Give farmers good advice. Many organisations are giving advice on fall army worm control to farmers, so an important role for government is to ensure the advice is sound and consistent. This can be difficult for a new pest on which there has been no local research. Some key messages to farmers are:

  • Monitor your fields for the presence and level of armyworm attack.
  • Conserve and encourage fall armyworm’s natural enemies like ants, spiders and other predators that eat them and help reduce their build up.
  • Use non-chemical control methods wherever possible, such as squashing the eggs and larvae by hand.
  • Pesticides that kill fall armyworm can also poison people; use them only with extreme caution.

Regulate pesticides. Pesticide regulators need to be especially vigilant that unregistered and/or untested products are not being promoted and sold for controlling fall armyworm. Emergency or temporary registration can be given to products if there is supporting information from elsewhere. The International Code of Conduct for Pesticide Management provides detailed guidance. Regulators should adopt protocols and procedures that encourage the registration of lower risk pest control products.

Establish research and development. Research is needed to develop control methods and monitor their efficacy and impact; but not all research needs to be done in every country. Coordinated collaboration between national, regional and international organisations is required.

Support farmers. In the short term, smallholder farmers may need support to tackle the new pest. But giving out pesticides may be counter-productive. The damage to human health and the environment caused by pesticides is well known, so such support and/or subsidy could be used to encourage the use of lower risk products.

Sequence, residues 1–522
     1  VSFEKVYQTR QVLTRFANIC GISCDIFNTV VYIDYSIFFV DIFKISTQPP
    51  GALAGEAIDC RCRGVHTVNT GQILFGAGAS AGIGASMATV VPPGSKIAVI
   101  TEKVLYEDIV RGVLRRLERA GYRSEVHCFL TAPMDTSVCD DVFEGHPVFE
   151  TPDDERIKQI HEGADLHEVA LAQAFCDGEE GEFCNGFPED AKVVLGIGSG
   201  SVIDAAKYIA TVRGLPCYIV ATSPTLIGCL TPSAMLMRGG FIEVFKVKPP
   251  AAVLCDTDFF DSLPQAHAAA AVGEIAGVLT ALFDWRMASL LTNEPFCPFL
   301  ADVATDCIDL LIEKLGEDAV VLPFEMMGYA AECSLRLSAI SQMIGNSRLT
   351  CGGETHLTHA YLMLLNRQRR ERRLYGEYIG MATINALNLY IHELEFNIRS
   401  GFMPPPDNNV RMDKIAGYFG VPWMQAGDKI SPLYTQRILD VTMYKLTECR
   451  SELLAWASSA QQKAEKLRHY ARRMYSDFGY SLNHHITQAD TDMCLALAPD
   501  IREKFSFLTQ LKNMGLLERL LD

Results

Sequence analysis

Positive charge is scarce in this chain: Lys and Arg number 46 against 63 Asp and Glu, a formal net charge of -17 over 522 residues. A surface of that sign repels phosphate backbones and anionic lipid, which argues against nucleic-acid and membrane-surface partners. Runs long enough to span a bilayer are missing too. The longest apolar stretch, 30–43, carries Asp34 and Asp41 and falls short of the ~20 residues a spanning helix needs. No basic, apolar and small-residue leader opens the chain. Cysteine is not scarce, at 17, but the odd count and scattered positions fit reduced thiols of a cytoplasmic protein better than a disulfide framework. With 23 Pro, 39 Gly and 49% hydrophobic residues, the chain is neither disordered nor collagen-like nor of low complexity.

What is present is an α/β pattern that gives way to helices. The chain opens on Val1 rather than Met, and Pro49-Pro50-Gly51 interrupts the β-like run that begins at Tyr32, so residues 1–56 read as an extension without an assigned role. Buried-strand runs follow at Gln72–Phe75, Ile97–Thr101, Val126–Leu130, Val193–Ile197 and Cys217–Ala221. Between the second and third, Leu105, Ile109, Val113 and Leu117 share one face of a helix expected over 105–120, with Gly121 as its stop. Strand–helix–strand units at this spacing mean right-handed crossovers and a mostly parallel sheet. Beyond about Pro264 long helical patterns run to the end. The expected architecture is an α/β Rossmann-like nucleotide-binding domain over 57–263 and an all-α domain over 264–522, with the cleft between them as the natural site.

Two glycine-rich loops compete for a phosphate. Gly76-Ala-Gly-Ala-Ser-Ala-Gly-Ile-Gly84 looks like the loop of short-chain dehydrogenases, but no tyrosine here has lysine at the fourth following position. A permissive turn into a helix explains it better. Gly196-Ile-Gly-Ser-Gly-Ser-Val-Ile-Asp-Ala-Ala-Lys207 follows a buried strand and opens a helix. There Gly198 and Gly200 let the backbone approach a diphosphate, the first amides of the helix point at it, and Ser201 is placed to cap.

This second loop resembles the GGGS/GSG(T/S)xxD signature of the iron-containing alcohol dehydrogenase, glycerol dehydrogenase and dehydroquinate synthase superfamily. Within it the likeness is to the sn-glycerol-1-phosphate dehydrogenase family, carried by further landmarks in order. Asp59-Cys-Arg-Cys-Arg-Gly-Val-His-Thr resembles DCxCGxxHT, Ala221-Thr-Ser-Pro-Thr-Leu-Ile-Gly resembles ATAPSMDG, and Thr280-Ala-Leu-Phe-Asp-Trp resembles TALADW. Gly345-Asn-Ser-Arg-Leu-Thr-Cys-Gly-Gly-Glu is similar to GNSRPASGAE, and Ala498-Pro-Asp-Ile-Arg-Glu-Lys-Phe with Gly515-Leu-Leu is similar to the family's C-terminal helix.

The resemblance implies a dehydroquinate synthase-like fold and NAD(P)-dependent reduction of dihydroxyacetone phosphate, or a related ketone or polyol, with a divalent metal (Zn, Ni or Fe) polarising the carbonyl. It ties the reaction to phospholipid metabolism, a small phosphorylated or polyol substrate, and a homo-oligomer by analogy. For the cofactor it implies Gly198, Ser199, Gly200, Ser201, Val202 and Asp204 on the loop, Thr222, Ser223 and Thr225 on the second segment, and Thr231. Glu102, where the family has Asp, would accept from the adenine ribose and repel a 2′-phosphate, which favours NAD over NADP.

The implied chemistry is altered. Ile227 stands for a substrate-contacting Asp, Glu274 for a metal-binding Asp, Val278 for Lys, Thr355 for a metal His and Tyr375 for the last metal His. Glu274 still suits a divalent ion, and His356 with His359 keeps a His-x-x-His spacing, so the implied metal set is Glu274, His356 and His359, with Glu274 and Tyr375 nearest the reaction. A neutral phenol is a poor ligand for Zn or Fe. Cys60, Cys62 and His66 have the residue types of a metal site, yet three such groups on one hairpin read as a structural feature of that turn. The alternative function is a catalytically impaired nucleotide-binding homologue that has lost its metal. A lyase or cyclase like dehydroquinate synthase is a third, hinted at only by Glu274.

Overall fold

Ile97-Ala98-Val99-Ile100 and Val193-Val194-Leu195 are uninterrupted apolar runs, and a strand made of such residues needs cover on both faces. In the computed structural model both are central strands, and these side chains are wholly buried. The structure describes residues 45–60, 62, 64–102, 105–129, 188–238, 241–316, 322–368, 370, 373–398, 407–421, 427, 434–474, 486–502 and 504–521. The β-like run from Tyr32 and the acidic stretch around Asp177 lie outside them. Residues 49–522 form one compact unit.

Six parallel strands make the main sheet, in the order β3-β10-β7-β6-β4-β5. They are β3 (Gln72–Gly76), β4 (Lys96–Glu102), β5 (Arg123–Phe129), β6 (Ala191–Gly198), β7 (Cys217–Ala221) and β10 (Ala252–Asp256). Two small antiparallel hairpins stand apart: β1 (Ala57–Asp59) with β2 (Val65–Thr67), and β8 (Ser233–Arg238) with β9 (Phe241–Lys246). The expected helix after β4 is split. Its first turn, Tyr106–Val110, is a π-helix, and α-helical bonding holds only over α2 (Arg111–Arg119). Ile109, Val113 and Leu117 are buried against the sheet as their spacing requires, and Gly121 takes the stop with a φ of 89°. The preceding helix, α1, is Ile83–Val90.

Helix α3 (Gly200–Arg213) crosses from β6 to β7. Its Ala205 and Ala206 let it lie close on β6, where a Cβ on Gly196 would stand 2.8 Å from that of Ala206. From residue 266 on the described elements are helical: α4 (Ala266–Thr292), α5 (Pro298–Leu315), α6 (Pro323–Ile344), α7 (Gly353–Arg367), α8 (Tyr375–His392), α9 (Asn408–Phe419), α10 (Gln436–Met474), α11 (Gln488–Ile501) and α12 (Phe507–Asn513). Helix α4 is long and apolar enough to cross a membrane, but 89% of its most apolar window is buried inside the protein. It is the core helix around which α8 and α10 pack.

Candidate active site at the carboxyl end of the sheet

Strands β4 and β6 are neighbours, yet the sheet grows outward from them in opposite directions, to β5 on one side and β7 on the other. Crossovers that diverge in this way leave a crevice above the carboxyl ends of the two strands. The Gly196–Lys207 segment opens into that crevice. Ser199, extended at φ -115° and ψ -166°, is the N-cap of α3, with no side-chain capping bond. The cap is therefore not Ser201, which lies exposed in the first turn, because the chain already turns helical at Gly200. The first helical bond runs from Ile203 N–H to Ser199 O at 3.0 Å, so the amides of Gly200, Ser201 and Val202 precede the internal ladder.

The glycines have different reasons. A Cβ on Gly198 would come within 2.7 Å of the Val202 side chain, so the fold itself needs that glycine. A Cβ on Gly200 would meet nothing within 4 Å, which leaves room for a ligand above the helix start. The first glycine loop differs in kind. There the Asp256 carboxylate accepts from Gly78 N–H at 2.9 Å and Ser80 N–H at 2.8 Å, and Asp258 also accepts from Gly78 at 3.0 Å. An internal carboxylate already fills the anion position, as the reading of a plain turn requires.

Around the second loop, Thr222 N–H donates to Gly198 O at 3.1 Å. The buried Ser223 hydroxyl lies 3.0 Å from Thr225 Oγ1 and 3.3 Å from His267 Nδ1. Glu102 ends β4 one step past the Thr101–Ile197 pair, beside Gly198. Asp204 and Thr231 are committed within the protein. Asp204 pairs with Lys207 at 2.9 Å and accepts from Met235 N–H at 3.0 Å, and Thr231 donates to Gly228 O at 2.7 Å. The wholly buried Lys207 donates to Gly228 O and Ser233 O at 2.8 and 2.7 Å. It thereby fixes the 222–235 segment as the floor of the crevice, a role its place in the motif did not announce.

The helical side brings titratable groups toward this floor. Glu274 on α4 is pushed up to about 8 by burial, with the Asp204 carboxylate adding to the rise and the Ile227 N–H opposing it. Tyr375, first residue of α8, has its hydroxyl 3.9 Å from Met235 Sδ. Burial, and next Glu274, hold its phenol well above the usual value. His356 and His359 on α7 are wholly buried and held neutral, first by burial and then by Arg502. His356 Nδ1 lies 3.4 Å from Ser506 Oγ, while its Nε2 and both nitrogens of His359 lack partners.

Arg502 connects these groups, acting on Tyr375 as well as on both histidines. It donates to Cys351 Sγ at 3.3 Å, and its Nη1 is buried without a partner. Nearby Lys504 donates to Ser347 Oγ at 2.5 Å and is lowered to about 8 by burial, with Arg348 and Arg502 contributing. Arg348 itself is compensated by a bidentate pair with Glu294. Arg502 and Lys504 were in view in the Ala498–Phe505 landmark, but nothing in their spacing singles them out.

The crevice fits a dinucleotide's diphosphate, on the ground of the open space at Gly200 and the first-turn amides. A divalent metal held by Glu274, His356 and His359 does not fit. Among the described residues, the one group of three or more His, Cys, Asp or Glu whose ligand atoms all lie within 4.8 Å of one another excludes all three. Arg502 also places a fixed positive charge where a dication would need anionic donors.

Déjà vu all over again

Fall armyworm is not the first new pest to invade Africa, yet each new invasion seems to catch people by surprise. Other recent unwelcome arrivals include:

  • The tomato leafminer from South America (via Europe), now widespread
  • A new race of Panama disease of bananas from Asia, which so far has been contained in Mozambique
  • Maize lethal necrosis, first seen in Kenya in 2011, which has spread in East Africa but not to Southern or West Africa.

And fall armyworm will certainly not be the last pest to invade Africa. So while sorting out the immediate problem of fall armyworm, countries should take the opportunity to put emergency plans in place so that when the next invader arrives, the response will be much quicker, better coordinated, and more effective. CABI’s invasive species programme aims to help countries do exactly that.

 

Share:

Leave your contribution here

(will not be published)

Latest F&BKP articles
Dutch Development Results 2016
F&BKP Office
September 21, 2017
F&BKP Office
September 14, 2017
Save the date: Food & Business Research - Policy Dialogue
F&BKP Office
September 14, 2017